STAND­ING ON THE SHOUL­DERS OF GIANTS

GET­TING A NEW PER­SPEC­TIVE ON CAM­BO­DIA’S FAMED TEM­PLES

Discover Cambodia - - CONTENTS - Words by El­lie Dyer Pho­tog­ra­phy by Sam Jam

Ex­plor­ing the Angkor tem­ples with a twist

Sun­rise at Angkor Wat: a burn­ing orb slowly rises from be­hind the great tem­ple’s tiered tow­ers, light­ing up the early morn­ing sky with flashes of rich blues, pale pinks and honey-hued yel­lows as it as­cends into the heav­ens.

Bathed in light, the build­ing trans­forms; the de­tail of its mot­tled stones and sump­tu­ous carv­ings grad­u­ally re­vealed and then per­fectly re­flected in the shim­mer­ing pools that front the 12th-cen­tury com­plex.

Ma­jes­tic and mes­meris­ing, the sight is an ethe­real vi­sion of both beauty and power, and one that of­fers many mod­ern­day trav­ellers their first glimpse into the an­cient world of the Kh­mer Em­pire – a pow­er­ful civil­i­sa­tion that once dom­i­nated large swathes of South­east Asia.

While there may be no per­fect way to tour the 400-square-kilo­me­tre Angkor Ar­chae­o­log­i­cal Park – ev­ery guide has their own favourite tem­ple or hid­den spot – there will al­ways be some­thing mag­i­cal about be­ing on your own amongst great stone edifices that have borne wit­ness to the twists and turns of his­tory.

For those aim­ing to es­cape the melee of um­brella-car­ry­ing tour guides and the ac­com­pa­ny­ing ca­coph­ony of cam­era clicks, the first step is to pur­chase your ticket after 5pm, which gives you ac­cess to the park for both sun­set of that day and the sub­se­quent du­ra­tion of your one-, three- or seven-day pass.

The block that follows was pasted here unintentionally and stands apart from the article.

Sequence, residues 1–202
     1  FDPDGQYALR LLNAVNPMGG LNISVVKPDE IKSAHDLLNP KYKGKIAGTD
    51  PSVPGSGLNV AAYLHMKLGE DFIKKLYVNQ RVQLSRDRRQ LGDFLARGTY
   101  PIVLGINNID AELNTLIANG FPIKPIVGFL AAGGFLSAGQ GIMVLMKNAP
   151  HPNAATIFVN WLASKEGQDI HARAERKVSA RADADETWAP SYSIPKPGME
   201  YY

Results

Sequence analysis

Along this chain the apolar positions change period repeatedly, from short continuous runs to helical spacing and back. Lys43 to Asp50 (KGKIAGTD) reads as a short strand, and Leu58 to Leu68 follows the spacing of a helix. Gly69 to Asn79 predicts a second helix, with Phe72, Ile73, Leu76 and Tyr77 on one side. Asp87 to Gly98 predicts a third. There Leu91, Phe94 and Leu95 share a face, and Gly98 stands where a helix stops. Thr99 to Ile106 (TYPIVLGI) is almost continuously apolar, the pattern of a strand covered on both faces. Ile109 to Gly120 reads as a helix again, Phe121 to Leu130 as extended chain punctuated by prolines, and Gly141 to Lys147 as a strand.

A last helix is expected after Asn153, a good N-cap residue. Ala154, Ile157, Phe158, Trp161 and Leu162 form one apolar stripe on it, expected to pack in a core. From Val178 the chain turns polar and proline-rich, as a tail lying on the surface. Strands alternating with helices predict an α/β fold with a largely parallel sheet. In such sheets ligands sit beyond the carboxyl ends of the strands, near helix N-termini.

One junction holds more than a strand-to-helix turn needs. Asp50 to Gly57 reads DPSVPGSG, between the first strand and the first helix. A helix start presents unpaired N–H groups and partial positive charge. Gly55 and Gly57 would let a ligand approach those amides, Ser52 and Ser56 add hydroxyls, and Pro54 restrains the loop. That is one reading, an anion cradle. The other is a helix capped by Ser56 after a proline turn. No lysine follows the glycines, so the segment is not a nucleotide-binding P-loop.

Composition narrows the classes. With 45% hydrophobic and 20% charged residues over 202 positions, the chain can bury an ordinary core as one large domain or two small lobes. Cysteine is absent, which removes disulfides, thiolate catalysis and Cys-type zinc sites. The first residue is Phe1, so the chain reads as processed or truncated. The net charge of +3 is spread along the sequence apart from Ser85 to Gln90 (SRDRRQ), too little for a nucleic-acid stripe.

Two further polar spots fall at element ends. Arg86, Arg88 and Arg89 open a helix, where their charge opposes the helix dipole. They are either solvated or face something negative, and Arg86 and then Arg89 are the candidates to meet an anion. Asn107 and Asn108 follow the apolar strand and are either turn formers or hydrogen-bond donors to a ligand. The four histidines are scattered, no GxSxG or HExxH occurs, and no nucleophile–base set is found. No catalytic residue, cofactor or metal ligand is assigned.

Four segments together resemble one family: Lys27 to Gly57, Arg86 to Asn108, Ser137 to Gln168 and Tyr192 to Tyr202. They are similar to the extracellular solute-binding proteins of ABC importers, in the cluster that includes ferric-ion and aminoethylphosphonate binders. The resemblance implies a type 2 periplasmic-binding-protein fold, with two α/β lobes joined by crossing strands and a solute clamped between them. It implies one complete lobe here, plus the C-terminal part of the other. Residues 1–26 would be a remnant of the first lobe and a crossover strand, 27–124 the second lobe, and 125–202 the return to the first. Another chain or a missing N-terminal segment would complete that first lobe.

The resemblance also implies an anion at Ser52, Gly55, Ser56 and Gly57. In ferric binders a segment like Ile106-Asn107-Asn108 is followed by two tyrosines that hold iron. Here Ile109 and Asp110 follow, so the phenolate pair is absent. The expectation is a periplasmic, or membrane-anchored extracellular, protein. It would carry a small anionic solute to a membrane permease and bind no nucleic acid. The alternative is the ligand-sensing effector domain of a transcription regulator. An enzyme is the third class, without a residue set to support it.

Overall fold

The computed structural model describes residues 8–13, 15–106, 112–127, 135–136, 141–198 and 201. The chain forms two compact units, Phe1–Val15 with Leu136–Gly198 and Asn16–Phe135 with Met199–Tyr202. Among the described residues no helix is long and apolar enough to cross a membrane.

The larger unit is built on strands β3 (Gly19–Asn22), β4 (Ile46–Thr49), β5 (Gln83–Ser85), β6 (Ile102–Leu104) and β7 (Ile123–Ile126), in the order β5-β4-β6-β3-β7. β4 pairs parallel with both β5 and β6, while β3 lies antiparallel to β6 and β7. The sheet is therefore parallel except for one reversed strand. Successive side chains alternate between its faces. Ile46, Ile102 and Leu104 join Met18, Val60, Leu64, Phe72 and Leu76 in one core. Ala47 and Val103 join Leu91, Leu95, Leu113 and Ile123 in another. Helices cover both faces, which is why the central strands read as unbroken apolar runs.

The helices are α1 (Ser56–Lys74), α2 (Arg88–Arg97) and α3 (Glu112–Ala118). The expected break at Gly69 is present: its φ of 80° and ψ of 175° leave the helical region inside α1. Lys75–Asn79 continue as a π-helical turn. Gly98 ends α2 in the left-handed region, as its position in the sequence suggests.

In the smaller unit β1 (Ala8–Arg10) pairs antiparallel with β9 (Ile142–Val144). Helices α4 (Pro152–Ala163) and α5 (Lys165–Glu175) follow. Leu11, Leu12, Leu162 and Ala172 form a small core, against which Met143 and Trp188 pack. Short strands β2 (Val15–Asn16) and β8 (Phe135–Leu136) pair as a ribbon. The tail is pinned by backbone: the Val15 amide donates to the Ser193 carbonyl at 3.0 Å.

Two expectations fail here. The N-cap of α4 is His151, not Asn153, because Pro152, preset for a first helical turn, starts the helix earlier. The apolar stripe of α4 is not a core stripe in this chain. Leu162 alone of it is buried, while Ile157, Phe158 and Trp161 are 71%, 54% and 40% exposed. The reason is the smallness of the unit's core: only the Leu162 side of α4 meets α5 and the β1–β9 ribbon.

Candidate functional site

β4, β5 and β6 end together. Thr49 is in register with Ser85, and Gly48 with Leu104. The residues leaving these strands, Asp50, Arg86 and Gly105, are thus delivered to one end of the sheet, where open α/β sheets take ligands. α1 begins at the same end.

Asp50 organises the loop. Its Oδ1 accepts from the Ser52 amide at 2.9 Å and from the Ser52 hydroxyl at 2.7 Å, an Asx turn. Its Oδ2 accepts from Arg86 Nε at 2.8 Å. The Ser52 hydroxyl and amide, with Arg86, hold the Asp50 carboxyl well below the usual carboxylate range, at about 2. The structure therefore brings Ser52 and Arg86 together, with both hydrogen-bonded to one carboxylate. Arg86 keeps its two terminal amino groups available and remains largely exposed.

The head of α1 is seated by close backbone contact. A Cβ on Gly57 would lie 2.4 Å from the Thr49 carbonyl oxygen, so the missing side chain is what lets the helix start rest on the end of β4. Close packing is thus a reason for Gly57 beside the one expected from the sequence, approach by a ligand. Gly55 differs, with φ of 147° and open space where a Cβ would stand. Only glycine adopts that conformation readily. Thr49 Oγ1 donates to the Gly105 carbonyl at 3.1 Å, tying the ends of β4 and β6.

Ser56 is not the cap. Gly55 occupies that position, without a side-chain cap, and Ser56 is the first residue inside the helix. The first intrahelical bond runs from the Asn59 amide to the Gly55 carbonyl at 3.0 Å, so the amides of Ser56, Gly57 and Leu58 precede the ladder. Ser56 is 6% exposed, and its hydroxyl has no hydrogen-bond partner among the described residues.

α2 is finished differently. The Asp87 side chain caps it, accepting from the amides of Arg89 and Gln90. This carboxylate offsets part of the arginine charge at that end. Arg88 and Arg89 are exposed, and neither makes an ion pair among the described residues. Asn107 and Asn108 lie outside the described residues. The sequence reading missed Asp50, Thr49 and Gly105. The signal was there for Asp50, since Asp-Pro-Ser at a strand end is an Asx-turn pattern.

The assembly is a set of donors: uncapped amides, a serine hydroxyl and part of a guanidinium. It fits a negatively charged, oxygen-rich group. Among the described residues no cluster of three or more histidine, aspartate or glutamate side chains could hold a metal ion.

As the sun sinks and the songs of ci­cadas echo across the tree­tops, many vis­i­tors climb the steep track to the hill­top tem­ple of Ph­nom Bakheng, which of­fers sweep­ing views of the coun­try­side be­low. But, for a more se­cluded ex­pe­ri­ence, take this op­por­tu­nity to visit Bayon, a spec­tac­u­lar 12th- to 13th-cen­tury tem­ple where 216 colos­sal faces, each hewn in stone and said to re­sem­ble King Jayavar­man VII who built the tem­ple, stare enig­mat­i­cally into the dis­tance with lips gen­tly curled.

At dusk, the com­plex is of­ten de­serted, al­low­ing vis­i­tors the chance to stroll alone amongst hun­dreds of serene vis­ages bask­ing in the warm evening light. When ex­plor­ing the multi-level site, keep an eye out for one of Bayon’s most fas­ci­nat­ing fea­tures: carv­ings of day-to-day life in the 12th cen­tury, show­ing Angko­rian cit­i­zens boil­ing plump pigs, light­ing fires and play­ing in­stru­ments.

It’s a so­ci­ety that has been brought to life in fas­ci­nat­ing de­tail by Zhou Daguan, a Chi­nese en­voy who spent nearly a year at Angkor from 1296-1297 and later penned a trav­el­ogue of his ex­pe­ri­ences.

Slaves, of­fi­cials, monks, con­cu­bines and mar­ket traders are all de­scribed by

THERE WILL AL­WAYS BE SOME­THING MAG­I­CAL ABOUT BE­ING ON YOUR OWN AMONGST GREAT STONE EDIFICES THAT HAVE BORNE WIT­NESS TO THE TWISTS AND TURNS OF HIS­TORY

Daguan, who, along­side ob­ser­va­tions of or­di­nary life – from child­birth prac­tices to ‘las­civ­i­ous’ women, fire­work dis­plays and the daily wash­ing habits of lo­cals – por­trays the op­u­lence of his sur­rounds in mag­nif­i­cent de­tail.